Maltese Lace

Lace was introduced to Malta in 1640 by the Order of St John. It continued to flourish until the end of the 18th century, when the Maltese islands were conquered by Napoleon Bonaparte. From then on, lace making almost disappeared.
In the 19th century, a clergyman gave a piece of lace to a Gozitan woman, and after studying the lace pattern the woman tried to reproduce it. After that it became popular among Gozitan woman and girls, as well as for the clergy, who used lace to enrich the vestments and decoration of the church.

Maltese lace of “Il-Bizzilla” is mainly an art practised in Gozo. The speciality of the craftsmen is bobbin lace. Passed down from generation to generation, this tradition is still learned in lace-making clubs. Malta’s lace is among the most beautiful and renowned in the world! The pieces are made by hand: fin tablecloths, decorative embroidery or curtains. The Maltese cross, typical of local craftsmanship, is often found.

It is possible to buy them in the various markets in Malta.

Blown glass

In 1968, when Mdina Glass was founded, the glass-blowing industry was born in Malta.
It is a very old technique which allows the creation of vases, bowls, lamps, bottles, plates… of all colours. 
The most recognized workshops are Mdina Glass in the village of Ta’Qali in Malta, and Gozo Glass located in the village of Ta Dbiegi in Gozo.

Maltese Filigree

Filigree is a delicate art that involves working with gold or silver threads that must be twisted to create a pattern.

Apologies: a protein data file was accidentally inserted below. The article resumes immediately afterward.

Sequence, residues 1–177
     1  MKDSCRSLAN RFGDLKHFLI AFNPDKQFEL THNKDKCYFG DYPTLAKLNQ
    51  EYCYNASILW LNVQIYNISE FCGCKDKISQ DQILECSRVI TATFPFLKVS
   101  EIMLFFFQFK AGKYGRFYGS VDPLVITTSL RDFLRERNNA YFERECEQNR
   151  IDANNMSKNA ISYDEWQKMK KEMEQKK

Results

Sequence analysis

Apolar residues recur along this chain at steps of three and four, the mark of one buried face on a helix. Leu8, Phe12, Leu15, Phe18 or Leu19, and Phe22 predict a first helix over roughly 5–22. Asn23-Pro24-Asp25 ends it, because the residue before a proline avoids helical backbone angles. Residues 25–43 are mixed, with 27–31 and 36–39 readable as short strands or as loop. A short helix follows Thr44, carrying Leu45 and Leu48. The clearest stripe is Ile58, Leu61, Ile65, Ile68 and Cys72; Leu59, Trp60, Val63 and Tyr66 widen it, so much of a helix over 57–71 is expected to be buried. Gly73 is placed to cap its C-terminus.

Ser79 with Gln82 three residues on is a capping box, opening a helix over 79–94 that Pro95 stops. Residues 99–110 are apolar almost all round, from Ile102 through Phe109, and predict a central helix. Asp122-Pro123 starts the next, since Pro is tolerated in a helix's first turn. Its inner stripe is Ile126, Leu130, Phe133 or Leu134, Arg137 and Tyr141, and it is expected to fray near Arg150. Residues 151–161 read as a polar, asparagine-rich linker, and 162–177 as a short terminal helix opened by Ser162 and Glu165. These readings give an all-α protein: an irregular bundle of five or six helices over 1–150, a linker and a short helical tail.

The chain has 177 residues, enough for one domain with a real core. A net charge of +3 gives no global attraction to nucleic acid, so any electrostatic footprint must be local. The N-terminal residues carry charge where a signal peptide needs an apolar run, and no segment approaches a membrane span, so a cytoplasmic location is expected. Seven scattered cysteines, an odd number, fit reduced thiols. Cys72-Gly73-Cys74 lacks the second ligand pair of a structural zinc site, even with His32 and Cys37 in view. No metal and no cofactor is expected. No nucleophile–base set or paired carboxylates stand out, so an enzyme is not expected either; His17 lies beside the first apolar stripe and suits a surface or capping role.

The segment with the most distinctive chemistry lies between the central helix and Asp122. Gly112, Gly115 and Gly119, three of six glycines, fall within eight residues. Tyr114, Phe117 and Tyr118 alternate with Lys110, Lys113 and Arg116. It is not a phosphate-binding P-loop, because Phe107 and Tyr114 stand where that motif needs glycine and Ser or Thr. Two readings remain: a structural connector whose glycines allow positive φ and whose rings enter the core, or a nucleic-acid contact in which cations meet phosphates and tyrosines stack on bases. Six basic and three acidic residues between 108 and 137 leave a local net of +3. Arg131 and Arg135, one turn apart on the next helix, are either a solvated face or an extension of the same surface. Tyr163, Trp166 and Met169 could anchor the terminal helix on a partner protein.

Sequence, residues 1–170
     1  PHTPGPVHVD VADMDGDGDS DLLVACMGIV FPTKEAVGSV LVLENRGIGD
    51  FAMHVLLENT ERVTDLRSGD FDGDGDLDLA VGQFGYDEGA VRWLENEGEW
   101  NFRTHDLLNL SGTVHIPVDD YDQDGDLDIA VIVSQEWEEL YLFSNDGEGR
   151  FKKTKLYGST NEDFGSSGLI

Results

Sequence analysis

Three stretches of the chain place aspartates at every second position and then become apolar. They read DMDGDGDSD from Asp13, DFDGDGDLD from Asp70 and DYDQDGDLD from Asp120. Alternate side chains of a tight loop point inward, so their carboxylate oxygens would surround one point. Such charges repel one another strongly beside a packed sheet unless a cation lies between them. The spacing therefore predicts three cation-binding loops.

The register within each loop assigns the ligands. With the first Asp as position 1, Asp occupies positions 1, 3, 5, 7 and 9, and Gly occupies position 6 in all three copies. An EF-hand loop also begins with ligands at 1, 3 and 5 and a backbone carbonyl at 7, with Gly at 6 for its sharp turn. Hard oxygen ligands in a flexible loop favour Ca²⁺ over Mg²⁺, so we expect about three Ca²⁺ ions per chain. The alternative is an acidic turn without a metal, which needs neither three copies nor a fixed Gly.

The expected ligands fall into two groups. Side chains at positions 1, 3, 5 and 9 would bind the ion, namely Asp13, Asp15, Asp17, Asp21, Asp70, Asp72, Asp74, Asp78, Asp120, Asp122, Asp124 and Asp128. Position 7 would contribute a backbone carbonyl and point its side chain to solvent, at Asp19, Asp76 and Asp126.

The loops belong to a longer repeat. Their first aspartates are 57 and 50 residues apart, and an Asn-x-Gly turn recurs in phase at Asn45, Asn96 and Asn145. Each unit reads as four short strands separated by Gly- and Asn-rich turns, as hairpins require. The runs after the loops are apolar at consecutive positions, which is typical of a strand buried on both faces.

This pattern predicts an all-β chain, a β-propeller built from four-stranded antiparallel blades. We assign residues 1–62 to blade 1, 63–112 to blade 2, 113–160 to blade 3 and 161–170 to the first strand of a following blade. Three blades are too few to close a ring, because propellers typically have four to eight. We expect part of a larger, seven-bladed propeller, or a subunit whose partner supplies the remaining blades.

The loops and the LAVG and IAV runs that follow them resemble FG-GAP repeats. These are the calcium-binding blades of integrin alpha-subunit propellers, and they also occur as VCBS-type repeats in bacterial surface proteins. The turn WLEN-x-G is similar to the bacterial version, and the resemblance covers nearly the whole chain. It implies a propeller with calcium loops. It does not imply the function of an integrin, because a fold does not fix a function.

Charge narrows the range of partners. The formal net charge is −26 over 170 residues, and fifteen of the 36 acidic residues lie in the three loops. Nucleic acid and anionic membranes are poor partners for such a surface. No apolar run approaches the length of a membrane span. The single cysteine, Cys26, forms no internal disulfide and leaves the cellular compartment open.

Since the Phoenician period and then under the reign of the knights of the Order of Malta the art of filigree has really developed.
The more complex the design, the more valuable the jewel. It is a delicate art, the skill of the craftsmen who practice it is recognized throughout the world.

Maltese Clocks

The Maltese clock is believed to have been created in the late 17th century, though its exact origins are unclear. It was intended to serve as both a functional and decorative item. It was found in the homes of wealthy clerics and members of the upper classes. It was also hung prominently in church sacrities as well as in the halls and corridors of open palaces and inns.

The wooden case of the Maltese clock and its internal mechanism both underwent various changes over time.

The final product is constructed by three main artisans. While the clockmaker develops the clock’s mechanism, the carpenter builds the wooden case. The entire production and the clock’s finishing touches are then the responsibility of the gilder-painter.